Dogs Are the Secret to Mental Health, Science Says
It’s common knowledge that having a dog, or any pet for that matter, promotes happiness. Dogs are the ultimate life partner: loyal, lovable, and absurdly cuddly. But now “science supports a truth the heart has always known,” says Meg Olmert, the author of Made for Each Other, a book that summarizes 20 years’ worth of biological research about the human-animal bond.
A study from the University of Missouri-Columbia shows that our happy hormones benefit from time spent with dogs. “Our results indicate that levels of serotonin, a hormone in humans that helps fight depression, rise dramatically after interaction with live animals, specifically dogs,” said Rebecca Johnson, a professor of nursing and veterinary medicine at the University of Missouri-Columbia. Johnson goes on to say that “this hormone is critical in the psychological well-being of an individual [and] there is no substitute for the real thing.”
Courtesy of Vogue
The benefits of having a K9 companion are mutually beneficial, according to a recent study by Miho Nagasawa of Japan’s Azabu University. The study found that “owners and dogs sharing a long mutual gaze had higher levels of oxytocin than owners of dogs giving a shorter gaze.” To clarify, oxytocin is also known as “the cuddle hormone.” It plays a large role in social bonding and is found in large amounts leading up to and following birth. So, what does this mean? Your relationship with your dog is similar to that of a mother and newborn; i.e., it’s one of the strongest social bonds in existence.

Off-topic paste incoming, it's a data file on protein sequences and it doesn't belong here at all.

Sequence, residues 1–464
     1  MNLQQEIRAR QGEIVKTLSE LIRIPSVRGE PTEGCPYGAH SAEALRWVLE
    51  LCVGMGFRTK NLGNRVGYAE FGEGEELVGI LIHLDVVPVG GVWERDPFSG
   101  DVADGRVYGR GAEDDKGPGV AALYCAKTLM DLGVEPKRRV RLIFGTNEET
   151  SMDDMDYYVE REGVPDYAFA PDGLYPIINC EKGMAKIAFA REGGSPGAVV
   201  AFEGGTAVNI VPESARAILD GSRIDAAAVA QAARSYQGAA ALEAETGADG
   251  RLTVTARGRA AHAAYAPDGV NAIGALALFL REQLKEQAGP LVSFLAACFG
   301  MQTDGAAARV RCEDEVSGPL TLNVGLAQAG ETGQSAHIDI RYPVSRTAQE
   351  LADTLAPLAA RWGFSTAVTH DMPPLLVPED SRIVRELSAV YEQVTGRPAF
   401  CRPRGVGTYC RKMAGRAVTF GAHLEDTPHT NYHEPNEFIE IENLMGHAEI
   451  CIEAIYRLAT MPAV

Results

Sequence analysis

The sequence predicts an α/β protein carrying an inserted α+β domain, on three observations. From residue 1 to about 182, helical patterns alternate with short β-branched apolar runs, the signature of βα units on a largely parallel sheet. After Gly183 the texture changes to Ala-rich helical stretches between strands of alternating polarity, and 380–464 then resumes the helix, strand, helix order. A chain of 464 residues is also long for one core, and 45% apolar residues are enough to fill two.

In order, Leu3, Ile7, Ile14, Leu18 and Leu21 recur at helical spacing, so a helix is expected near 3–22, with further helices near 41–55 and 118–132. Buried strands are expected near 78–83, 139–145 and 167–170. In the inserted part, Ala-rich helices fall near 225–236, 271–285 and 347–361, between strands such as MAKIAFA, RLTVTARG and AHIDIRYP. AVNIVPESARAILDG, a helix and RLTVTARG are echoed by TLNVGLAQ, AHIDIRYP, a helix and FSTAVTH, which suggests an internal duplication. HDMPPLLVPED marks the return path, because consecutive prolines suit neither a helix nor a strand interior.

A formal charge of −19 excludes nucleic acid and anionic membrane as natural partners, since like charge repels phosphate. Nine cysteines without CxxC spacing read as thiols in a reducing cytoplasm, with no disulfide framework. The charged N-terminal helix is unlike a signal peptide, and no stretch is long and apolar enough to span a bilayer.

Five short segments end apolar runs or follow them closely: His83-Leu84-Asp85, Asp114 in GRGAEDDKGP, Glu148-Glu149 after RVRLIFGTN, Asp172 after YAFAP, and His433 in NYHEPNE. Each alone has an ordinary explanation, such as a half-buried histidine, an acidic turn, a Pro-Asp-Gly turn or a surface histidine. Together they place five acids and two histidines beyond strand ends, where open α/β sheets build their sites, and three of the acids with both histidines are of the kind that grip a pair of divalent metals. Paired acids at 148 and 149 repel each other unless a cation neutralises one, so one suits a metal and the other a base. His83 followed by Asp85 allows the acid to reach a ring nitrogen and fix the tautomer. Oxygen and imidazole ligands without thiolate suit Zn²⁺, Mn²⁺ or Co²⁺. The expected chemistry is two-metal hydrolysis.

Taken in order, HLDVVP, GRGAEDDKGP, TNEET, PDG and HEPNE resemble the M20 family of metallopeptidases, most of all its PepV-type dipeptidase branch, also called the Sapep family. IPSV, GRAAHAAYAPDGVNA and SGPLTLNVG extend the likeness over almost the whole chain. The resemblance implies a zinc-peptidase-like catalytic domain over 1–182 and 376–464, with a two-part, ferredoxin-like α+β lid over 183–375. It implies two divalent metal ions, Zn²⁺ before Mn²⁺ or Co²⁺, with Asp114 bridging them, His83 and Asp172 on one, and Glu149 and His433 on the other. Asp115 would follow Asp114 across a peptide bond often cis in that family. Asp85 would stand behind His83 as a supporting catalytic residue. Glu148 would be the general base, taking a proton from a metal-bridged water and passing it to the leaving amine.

The best way to foster this strong bond is to engage with your dog. Nagasawa recommends that “dog owners not just say commands at their dogs, but to build up the relationship and to consider the potentially beneficial role that mutual gaze can hold.” So do like Cameron Diaz in The Holiday and having a staring contest with Fido.
Dogs aren’t just mental-health boosters. They also improve your physical health and extend your life span. Several studies have shown that “pet owners were found to have lower triglyceride and cholesterol levels than non-owners, and lower blood pressure in stressful situations.”
We couldn’t be more ready for a pup of our own. If you have a four-legged friend, shop our favorite dog accessories below.
Do you have a dog? Share your favorite dog stories with us in the comments.